New York — Most employers offering retirement plans to supplement government-sponsored pension systems now do so through defined contribution (DC) or hybrid approaches, according to a new global guide from Mercer.
Mercer’s Introduction to Benefit Plans Around the World: A Guide for Multinational Employers was created to help global companies more effectively assess, compare and provide retirement as well as medical and other group benefits to their employees.
“Multinational and local-country employers face many pressures – such as an aging population, market volatility, and increased governance and accounting requirements – that are hastening the move to defined contribution and hybrid plans,” said Giles Archibald, a Mercer international consultant based in New York.
“While DC and hybrid approaches have understandable appeal, their popularity may come at a cost,” Mr. Archibald continued. “We anticipate some reassessment of their use as companies make more of an effort to truly understand the impact of these retirement plan designs on employee savings and retirement patterns.”
Deborah Cooper, principal in Mercer’s London office in the UK, observed, “Increased reliance on defined contribution arrangements will lead to more government intervention. This will in turn increase costs. Hybrid arrangements can balance the risks employees face by relying on investment markets in pure DC schemes, with the regulatory and financial pressures experienced by employers providing DB schemes”.
Traditional defined benefit (DB) plans remain the predominant type of supplemental retirement plan in a number of countries, notably Japan, the Philippines, South Korea, Mexico, Venezuela, Finland, the Netherlands and Israel (see Table 1). Even among these countries, however, there is a strong trend toward covering newly hired employees through DC or hybrid arrangements.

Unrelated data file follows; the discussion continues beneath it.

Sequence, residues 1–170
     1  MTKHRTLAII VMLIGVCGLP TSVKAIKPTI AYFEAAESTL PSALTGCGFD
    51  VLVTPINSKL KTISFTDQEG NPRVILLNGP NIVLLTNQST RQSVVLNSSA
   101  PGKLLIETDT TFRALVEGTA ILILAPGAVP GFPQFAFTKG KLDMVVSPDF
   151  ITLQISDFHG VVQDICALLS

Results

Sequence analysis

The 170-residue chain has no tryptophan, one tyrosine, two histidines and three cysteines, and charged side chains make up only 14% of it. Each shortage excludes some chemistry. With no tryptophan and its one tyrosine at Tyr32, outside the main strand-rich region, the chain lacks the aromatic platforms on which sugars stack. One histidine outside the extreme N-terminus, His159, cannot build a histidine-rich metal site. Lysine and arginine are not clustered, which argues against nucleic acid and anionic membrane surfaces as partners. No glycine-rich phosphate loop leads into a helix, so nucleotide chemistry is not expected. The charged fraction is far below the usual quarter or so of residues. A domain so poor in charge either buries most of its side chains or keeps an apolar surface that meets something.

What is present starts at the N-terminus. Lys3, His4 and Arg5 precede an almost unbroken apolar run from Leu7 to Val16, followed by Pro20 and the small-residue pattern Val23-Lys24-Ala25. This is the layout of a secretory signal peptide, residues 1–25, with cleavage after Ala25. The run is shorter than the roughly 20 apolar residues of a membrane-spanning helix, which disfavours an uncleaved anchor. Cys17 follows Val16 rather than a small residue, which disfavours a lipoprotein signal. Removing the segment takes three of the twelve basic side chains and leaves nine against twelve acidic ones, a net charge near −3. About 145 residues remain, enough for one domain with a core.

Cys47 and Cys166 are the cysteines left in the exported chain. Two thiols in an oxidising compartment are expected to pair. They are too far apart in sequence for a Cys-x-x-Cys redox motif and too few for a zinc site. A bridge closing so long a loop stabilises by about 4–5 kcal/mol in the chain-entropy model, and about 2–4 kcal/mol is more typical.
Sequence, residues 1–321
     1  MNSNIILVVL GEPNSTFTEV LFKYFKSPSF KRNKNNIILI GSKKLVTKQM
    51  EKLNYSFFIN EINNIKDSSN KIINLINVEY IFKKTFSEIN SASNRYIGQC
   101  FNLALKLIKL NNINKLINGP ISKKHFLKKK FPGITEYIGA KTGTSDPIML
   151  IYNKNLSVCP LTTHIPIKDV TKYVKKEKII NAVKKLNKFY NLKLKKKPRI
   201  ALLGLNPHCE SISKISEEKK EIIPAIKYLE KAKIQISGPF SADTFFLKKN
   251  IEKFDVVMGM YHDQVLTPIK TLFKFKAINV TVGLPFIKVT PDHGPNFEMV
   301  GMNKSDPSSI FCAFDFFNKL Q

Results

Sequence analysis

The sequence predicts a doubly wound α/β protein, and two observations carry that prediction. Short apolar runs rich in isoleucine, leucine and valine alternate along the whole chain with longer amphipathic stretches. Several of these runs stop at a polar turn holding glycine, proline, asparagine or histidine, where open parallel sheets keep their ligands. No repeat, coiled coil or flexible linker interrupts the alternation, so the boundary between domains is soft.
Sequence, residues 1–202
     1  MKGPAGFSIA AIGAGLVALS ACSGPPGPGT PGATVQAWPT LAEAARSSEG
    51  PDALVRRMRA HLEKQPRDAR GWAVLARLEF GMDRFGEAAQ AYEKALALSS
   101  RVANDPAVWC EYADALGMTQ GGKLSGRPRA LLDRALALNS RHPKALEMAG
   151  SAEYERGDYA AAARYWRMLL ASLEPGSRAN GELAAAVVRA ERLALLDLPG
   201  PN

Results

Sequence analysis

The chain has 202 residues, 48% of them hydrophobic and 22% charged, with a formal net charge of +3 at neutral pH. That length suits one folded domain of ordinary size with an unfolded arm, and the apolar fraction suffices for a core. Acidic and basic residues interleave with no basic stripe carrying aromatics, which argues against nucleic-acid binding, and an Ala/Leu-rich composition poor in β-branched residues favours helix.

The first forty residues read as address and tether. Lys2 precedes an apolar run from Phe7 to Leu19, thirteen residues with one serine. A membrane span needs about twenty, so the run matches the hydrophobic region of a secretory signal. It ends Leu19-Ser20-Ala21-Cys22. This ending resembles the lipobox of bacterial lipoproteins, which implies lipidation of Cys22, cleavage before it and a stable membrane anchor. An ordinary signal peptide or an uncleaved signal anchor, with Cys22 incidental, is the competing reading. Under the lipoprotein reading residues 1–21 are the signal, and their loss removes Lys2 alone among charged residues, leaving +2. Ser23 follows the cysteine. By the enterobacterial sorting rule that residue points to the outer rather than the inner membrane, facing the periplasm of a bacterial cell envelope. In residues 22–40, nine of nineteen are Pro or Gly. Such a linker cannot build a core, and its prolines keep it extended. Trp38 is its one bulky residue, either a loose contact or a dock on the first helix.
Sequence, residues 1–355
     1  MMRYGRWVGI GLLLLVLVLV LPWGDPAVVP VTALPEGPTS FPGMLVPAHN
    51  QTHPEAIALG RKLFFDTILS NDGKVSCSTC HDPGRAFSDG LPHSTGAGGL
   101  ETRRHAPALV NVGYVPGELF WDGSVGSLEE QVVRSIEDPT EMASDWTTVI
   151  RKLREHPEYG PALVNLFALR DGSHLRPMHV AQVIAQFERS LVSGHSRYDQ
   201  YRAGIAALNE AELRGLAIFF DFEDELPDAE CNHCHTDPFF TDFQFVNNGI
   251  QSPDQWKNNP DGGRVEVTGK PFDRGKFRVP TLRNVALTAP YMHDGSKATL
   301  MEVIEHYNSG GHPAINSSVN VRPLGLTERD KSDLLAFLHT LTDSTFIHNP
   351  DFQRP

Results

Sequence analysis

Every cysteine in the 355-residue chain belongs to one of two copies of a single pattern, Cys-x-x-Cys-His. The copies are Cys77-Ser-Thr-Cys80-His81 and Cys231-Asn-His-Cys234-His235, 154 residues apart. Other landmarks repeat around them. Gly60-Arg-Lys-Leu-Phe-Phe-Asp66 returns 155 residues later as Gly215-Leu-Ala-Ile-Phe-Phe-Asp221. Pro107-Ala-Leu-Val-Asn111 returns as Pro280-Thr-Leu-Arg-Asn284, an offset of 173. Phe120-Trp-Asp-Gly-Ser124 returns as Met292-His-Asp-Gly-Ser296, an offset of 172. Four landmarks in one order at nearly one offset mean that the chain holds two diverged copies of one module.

Mercer’s Introduction to Benefit Plans Around the World provides extensive information on the design and prevalence of retirement, medical, sickness, disability and death benefit plans provided by multinational and leading local companies in 47 countries. This single-source, comprehensive guide also provides information on each country’s legislative, legal and regulatory climate.
Mercer’s guide summarizes key global trends, by country, as companies:
Move away from defined benefits
Raise the retirement age
Comply with new requirements for plan governance
Introduce new types of benefit plans
Grapple with rapidly rising medical costs
Additionally, it defines the mandatory retirement practices under local law and regulation, summarizes typical market practices, assesses the general pension environment, identifies opportunities and trends, and outlines recent and proposed legislation.
Mercer is a leading global provider of consulting, outsourcing and investment services. Mercer works with clients to solve their most complex benefit and human capital issues, designing and helping manage health, retirement and other benefits. It is a leader in benefit outsourcing. Mercer’s investment services include investment consulting and multi-manager investment management. Mercer’s 17,000 employees are based in more than 40 countries. The company is a wholly owned subsidiary of Marsh & McLennan Companies, Inc., which lists its stock (ticker symbol: MMC) on the New York, Chicago and London stock exchanges. For more information, visit www.mercer.com.